Student loans have burdened almost an entire generation of Maryland students with decades worth of debt. Many borrowers do not even try to file for bankruptcy, while others buy into the myth that their student loans do not qualify for any type of relief. Although it might be the case that discharging student loan debt is difficult, it is certainly not impossible.
Approximately two million people carrying student loan debt have filed for bankruptcy in the past 10 years. Of those, less than 1% filed for an adversary proceeding to have their student loans discharged. Looking at 2017 specifically, this means that only 447 out of 241,000 student loan borrowers filing for bankruptcy pursued an adversary proceeding. Out of those 447, 61% had some or all of their student loans erased.
So where does the myth that student loans are not dischargeable come from? According to one expert, both the Department of Education and the banks are complicit in dissuading borrowers from trying to discharge student loans. Another reason is that positive results are often not made public. When a debtor argues that his or her student loans were not an educational benefit and are therefore dischargeable, a lender may push to settle to prevent a specific case from affecting future court cases.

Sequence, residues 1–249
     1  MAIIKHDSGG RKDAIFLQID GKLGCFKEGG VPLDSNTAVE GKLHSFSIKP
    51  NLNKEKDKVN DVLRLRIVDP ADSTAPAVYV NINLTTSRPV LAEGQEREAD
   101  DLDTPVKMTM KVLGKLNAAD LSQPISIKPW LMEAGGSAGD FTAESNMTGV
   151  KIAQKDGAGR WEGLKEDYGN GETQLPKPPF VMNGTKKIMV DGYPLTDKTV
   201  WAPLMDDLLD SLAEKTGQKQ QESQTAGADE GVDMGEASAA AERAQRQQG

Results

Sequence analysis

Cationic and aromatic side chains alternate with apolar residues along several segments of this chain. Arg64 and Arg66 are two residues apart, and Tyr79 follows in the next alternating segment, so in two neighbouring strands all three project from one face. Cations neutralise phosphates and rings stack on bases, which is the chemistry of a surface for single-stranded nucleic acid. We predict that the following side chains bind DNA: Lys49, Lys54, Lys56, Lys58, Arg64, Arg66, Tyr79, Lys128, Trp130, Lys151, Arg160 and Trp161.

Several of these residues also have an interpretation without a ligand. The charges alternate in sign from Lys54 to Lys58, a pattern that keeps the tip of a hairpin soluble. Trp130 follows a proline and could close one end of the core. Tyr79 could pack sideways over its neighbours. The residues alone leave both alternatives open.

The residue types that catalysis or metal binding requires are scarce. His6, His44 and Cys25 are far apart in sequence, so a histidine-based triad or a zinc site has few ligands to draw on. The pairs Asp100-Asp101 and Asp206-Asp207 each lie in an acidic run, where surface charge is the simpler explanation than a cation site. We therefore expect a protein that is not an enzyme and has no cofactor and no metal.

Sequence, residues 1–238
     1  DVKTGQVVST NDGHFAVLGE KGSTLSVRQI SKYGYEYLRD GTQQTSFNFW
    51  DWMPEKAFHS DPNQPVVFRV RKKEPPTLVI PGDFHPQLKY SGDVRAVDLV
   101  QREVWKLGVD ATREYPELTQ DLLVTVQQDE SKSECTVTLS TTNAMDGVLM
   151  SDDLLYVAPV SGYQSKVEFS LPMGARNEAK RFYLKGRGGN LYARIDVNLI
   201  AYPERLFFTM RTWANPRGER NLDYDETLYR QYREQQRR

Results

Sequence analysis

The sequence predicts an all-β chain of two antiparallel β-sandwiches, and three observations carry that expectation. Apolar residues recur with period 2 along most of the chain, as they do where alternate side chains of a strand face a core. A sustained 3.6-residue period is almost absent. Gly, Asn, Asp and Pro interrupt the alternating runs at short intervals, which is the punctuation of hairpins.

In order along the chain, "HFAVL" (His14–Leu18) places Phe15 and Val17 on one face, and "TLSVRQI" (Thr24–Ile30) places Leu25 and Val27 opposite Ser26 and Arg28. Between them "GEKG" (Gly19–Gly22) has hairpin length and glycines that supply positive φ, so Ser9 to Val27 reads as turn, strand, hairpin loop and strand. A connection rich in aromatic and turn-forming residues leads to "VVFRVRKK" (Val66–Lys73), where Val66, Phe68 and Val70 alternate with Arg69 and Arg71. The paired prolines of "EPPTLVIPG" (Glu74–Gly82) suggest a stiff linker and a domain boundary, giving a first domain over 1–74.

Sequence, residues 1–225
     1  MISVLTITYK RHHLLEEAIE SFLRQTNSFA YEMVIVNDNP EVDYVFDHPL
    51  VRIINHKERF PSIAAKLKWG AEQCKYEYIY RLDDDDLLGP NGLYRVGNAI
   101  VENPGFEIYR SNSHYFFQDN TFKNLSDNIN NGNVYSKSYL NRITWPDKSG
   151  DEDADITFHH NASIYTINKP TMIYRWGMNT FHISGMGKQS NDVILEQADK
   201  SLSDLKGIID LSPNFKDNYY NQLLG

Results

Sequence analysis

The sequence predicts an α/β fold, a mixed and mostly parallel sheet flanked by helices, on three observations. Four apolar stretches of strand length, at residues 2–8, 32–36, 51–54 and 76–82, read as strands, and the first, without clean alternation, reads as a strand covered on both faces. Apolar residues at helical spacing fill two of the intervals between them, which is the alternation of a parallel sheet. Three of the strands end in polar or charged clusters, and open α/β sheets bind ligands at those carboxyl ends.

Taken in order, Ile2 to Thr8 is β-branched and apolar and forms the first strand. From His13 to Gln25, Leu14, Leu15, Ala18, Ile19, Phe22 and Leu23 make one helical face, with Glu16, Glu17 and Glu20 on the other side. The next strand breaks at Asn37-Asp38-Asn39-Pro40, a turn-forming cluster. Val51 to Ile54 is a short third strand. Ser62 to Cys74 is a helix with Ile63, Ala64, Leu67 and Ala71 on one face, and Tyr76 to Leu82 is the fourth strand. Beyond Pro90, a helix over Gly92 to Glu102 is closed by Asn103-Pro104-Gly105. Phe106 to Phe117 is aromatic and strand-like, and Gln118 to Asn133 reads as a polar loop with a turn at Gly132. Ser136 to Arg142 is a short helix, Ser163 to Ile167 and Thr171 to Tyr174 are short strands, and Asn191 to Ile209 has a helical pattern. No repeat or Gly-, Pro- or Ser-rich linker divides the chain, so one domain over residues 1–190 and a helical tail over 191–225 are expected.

Arguing that a student loan was not an education benefit is just one approach. Others in Maryland find success in demonstrating that paying back their loans will create undue hardship. Whichever route a borrower chooses to take, it is important for him or her to remember that lenders and creditors are not always willing to help out those who are struggling — even when it comes to bankruptcy. Instead of pushing through alone, having the right advocate on one’s side can be helpful during this process.